Job Creation: Democrats Have Run Out of Time With Voters


It's summer time, and as the saying goes, "the living is easy." But not if you're a Democrat in Congress. And storm clouds could form for investors, as well, later this year. Here's why.

BP's (BP) oil leak is the worst U.S. environmental disaster in the modern era and will remain a political issue until the spewing crude is stopped. Assuming the leak is plugged and the cleanup is comprehensive, voters probably won't blame either the Democrats or the Republicans. BP will probably bear the brunt of it.

Party in Power Gets the Blame

The voters will, however, assign blame for a lack of progress on the nation's No. 1 problem: The high unemployment rate, currently 9.7%.

And who will the voters blame? The party in power in Washington -- President Obama and Congressional Democrats. It's a political science axiom that the party in power generally gets the blame for a problem that isn't solved. And the dearth of jobs is a major problem.

Hence, as it stands now, the Democrats are likely to lose 20 to 25 seats in the House and about five seats in the Senate in the midterm elections, and there's a small chance of the Republicans regaining majority control of each chamber.

Out of Time

Predictions of heavy losses for the Democrats draw on seminal research on voting behavior by Campbell et al. in The American Voter: In an election year, most voters decide whom to vote for by the end of May, then tune politics out in the summer. And rarely do conditions in September/October change enough to alter their vote.

So the Democrats had up until Memorial Day to return the economy to a condition of adequate, sustained job growth. Earlier this year, it appeared that the job market had turned the corner, with the economy adding 208,000 jobs in March and 290,000 in April, after a severe recession that, incredibly, saw the nation lose jobs in 23 of 24 months during one stretch.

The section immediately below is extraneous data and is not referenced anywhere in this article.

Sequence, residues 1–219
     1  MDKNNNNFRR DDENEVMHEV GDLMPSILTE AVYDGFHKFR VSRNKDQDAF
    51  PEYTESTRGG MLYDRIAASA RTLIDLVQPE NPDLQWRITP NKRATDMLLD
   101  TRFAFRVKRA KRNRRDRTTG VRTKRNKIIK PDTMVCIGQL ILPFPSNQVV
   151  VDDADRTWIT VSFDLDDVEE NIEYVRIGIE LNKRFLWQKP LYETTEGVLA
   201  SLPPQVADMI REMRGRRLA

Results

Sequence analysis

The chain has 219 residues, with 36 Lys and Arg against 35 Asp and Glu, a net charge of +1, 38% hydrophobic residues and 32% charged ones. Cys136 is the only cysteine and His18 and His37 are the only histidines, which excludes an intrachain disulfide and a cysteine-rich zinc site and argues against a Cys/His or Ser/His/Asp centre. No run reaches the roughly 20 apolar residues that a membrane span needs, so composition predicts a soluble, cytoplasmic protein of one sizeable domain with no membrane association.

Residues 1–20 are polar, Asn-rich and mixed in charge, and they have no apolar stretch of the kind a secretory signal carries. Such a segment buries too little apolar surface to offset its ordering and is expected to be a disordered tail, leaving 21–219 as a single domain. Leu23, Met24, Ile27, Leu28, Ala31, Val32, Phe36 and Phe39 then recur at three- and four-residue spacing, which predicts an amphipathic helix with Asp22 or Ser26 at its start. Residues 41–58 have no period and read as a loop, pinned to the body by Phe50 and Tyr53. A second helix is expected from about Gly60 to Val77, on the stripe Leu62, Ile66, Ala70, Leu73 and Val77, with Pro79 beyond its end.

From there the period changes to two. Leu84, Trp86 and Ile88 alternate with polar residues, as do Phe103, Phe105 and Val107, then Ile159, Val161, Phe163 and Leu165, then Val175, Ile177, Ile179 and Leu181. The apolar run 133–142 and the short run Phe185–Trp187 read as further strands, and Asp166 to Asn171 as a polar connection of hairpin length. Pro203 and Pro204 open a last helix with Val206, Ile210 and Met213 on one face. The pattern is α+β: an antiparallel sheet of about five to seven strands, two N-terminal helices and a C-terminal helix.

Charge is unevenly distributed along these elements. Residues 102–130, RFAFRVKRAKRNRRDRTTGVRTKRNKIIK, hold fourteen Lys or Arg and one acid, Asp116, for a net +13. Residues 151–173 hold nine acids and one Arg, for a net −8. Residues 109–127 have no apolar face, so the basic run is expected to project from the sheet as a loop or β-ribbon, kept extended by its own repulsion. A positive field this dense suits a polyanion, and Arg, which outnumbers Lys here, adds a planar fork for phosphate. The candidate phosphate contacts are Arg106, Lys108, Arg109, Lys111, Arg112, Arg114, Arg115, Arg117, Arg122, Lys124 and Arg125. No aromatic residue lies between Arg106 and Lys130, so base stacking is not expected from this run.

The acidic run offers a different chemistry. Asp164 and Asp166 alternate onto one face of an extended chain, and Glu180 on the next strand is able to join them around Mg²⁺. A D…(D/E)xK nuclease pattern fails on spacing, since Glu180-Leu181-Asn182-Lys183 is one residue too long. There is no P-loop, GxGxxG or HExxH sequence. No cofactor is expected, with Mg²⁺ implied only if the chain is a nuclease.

However, job growth stalled in May, with fewer than 50,000 private-sector jobs created in the 431,000 total -- and that means the Democrats have run out of time.

Further, all votes count, but generally speaking, the key voters are the independents. That's because the voting trend of Americans aligned with either of the two major parties is pretty much set.

However, independent voters represent the "swing" vote, depending on whether the party in power is doing a good job and is solving problems. And, as noted, due to the lack of progress at creating jobs, most independents will be voting for a Republican/Tea Party candidate in November. Other issues will play a role, but the lack of jobs and concern about their own job security will be foremost on Independents' minds.

Ahead: Washington Gridlock?

Further, if enough Independents vote for Republicans, the GOP will regain control of Congress, creating a divided government.

Some investors argue that divided government is good for the markets and the economy, as it can 'prevent Washington from doing anything' -- which some Americans view as a good thing. The reality, however, is that given the ideological canyon between today's polarized political parties, it's a prescription for gridlock.

More than likely, a budget stalemate will ensue, as the parties fight over funding priorities. Republicans may also oppose Democratic efforts to raise the debt ceiling. If they do, the uncertainty regarding the funding of U.S. government operations could really rattle stock, bond, and currency markets.

Other spats could also arise that could roil the financial markets as Republicans think of new ways to frustrate President Barack Obama and the Democrats in the GOP's effort to retake the White House in 2012.

What would invalidate the heavy losses for Democrats/possible loss of control of Congress scenario? If the economy suddenly started creating 300,000 or 350,000 new jobs per month, from June through October -- that would decrease the Democrats' projected seat losses.

But barring an unexpected surge in new jobs, investors should expect a stronger Republican voice in Congress after the 2010 election -- and possibly divided government with gridlock.

Joseph Lazzaro is writing a book on the U.S. presidency and the U.S. economy.